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ABSTRACT: Progeny studies of Jatropha curcas and Pongamia pinnata were carried with respect to bioproductivity, pod and seed characters which is one of the selection methods in tree improvement programmes. Variations in bioproductivity and biodiesel parameters of both the plants were compared every six months for four years of investigation and analyzed by analysis of variance (ANOVA) and correlation coefficient by Pearson's method using software Graphpad instat 3.06 (for Windows and Mac). Pongamia pinnata has better germination rate (71.4%), 100 pod weight (311.59 gm) and 100 seed weight (173.46 gm) as compared to Jatropha curcas for germination rate (43.2%), 100 pod weight (111.29 gm) and 100 seed weight (67.46 gm). Pongamia pinnata has strong cor-relation for plant height to canopy growth (0.948), collar diameter (0.994), number of branches per plant (0.995) and to number of leaves per branch (0.862) as compared to Jatropha curcas which showed good correlation among plant height to canopy growth (0.976), collar diameter (0.970), number of branches per plant (0.988), number of leaves per branch (0.920) and to number of pods per branch (0.657). However, Jatropha curcas depicted negative correlation for pod breadth to seed length (-0.447), seed breadth (-0.248) and to seed thickness (-0.364) and among the 100 pod weight to seed length (-0.199), seed thickness (-0.220) and to 100 seed weight (-0.704). About 4 kg of Pongamia pinnata seeds were required for each liter of crude oil which yields 896 ml of biodiesel on transesterification as compared to 5.66 kg of Jatropha curcas seeds for a liter of crude oil, producing about 663 ml of biodiesel. The quality of biodiesel meets the major specification of American Society for Test-ing and Materials (ASTM) standards for biodiesel. The crude glycerin Project funding: Corresponding editor: Chai Ruihai and seed cake obtained as byproduct during biodiesel production were also measured which can be purified and used in composting, animal feeds, pharmaceuticals and cosmetic industries. Introduction India is the fifth largest energy consumer in the world and im-ports 70% of its total petroleum, oil and lubricants (POL) which grew to US$ 155.6 billion in 2011-12 showing a higher growth of 46.9 per cent as compared to 21.6 per cent a year ago with an average price of US$ 111.6 per barrel (India's Foreign Trade: 2011-12). So the issue of biofuel production needs careful and well thought strategy as the demand for diesel is five times more than the demand for petrol. The biofuel policy of India empha-sizes that the biofuel production particularly biodiesel should be without competing with land and water resources which are much needed for food production. The major emphasis should be on developing wastelands which are unsuitable for crop growth. Based on extensive research, over 300 diverse species of trees yielding oil bearing seeds are identified, out of these 37 species were found to be appropriate for conventional biodiesel produc-tion throughout the world (Azam et al. 2005 and Subramanian et al. 2005). The major sources of non-edible oil yielding plants in India with high oil content are Jatropha curcas (3035%), Pongamia pinnata (3040%), Simarouba glauca (6065%), Madhuca indica (3035%), Ricinus communis (3035%), Azadirachta indica (3035%) and these are considered as potential feedstock for bio-diesel production which are abundantly grown in semiarid re-gions in many parts of the world including India (Karmee and Chandha 2005; Puhan et al. 2005; Akpan et al. 2006; Dash et al. 2008 and Rao et al. 2008). Among the major non-edible oil yielding plants, Jatropha curcas and Pongamia pinnata are judged as the prominent species, so the Planning Commission of ORIGINAL PAPERJournal of Forestry Research 06/2013;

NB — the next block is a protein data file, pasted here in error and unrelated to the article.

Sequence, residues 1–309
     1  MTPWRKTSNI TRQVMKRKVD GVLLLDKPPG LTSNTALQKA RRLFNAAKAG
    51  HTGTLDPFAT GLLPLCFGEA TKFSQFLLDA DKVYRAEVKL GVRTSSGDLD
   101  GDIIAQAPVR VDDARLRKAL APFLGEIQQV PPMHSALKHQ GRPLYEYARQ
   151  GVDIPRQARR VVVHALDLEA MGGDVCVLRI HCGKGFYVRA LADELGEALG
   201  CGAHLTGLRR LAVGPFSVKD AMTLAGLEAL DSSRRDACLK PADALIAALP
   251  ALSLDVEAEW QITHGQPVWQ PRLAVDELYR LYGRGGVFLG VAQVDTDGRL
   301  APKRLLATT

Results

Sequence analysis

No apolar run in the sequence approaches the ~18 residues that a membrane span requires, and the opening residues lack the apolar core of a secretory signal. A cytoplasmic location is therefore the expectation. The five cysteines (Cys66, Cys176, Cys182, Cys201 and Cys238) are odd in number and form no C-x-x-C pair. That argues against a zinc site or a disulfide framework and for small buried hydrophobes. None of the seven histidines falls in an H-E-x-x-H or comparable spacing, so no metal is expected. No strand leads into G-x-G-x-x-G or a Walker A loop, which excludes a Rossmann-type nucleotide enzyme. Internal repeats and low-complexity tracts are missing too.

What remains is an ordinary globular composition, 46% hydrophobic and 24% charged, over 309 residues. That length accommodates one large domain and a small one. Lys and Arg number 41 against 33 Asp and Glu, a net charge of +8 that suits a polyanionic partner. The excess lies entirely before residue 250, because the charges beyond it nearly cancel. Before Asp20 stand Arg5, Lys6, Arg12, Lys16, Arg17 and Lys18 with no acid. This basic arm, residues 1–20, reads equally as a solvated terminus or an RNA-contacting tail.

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ABSTRACT: Seed morphometric characters and oil content were studied in multiple-use plant, Calophyllum inophyllum L. of two countries, Australia (southern hemisphere) and Sri Lanka (northern hemisphere). Seven provenances were selected which included three from northern Australia and four from Sri Lanka. Twelve Candidate plus trees (CPTs) each were selected from 2 to 3 different locations within each provenance based on the morphometric and qualitative traits (GBH>100cm). Seed collection in both hemispheres was carried out from May to August 2008. Calophyllum inophyllum L. provenances showed a distinct hemisphere variation in their seed-related characters and oil content. All provenances differed significantly (P<0.05) with one another in seed length. Seeds from Anuradhapura, Sri Lanka and seeds from Cardwell Australia recorded the highest (≈57%) and the lowest oil (≈31%) content respectively. Strong correlations were found between seed morphometric characters. Relatively weaker correlations were found between seed morphometric characters and oil content. Variations in seed-related characters were largely attributed by the provenance contribution which shows the significance of the effect of genetic variability on above mentioned seed related characters. Keywords Calophyllum inophyllum L.–Oil–Provenance–Seed–VariationNew Forests 01/2010; 41(1):89-94. · 1.64 Impact Factor